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Astron. Astrophys. 331, 934-948 (1998)

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1. History and introduction

The Basel Palomar-Schmidt RGU-photographic survey has been a major project that pioneered the study of the Galactic field halo when it was begun in the mid-sixties (Becker 1965). With the growth of the plate material obtained in an increasing number of fields, the following two decades saw the gradual emergence of a large-scale halo component whose significantly flattened density distribution was in sharp contrast to the essentially spherical halo occupied by the globular clusters (Becker 1980, Buser & Kaeser 1985). However concurrently, new photometric, spectroscopic, and proper motion surveys accumulated increasing independent evidence of a thick disk population component with a density gradient that appeared to be similarly intermediate between the thin disk and the conventional spheroid as was observed in the Basel halo data (e.g., Reid & Gilmore 1982). Indeed, Bahcall et al. (1985) and Fenkart (1989a-d) subsequently showed that the Basel RGU high-latitude survey data could also be described with a model containing a thick disk component having a local density of 2 percent and a scale height of order 1 kpc. It thus became evident that, since the Basel RGU survey penetrates to faint enough magnitudes ([FORMULA] or [FORMULA]) for a significant sampling of this intermediate population component, advantage must be taken of its unique properties of providing three-color data - including the metallicity-sensitive [FORMULA] colors - and systematic directional coverage of a significant number of fields in order to derive more reliable estimates of the larger-scale structural parameters of the density, luminosity, and metallicity distributions of the Galactic thick disk stars than had been inferred from the previous limited analyses of the original survey data.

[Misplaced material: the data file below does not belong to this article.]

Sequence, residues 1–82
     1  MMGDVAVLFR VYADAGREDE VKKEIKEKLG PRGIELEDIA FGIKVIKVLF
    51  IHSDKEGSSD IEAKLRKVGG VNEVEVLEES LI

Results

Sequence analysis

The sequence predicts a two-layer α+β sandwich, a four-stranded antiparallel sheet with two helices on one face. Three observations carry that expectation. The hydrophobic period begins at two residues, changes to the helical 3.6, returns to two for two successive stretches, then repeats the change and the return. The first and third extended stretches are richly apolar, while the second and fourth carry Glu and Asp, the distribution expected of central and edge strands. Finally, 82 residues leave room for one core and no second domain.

This task, however, could not be attempted using the available original catalogs, because detailed investigations of the data in a number of individual fields revealed the existence of inhomogeneities, systematic calibration errors, and color equations that could not be corrected by simple means a posteriori but that were shown to be traceable to the lack of an adequate standard of the RGU photometric system (Buser 1988). We thus determined to establish the required standard and calibrations using synthetic photometry techniques, and to construct a new homogeneous data base from the available plate material ab initio (Buser & Fenkart 1990).

Construction of the new data base was begun in 1990 and will be completed in 1997. The catalog will be published in Papers III and IV of this series (Buser et al. 1997a,b) and is briefly described in Sect. 2 below. In Sect. 3 we describe the basic model calculations that we have been using to analyse the catalog. The tools and procedures for the analysis are detailed in Sect. 4. A discussion of test results obtained from the first-half sample of the data for seven fields is then given in Sect. 5 to demonstrate the feasibility of the present approach. Finally, in the concluding Sect. 6 we give a brief outline of the work covered in the subsequent papers of this series.

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© European Southern Observatory (ESO) 1998

Online publication: March 3, 1998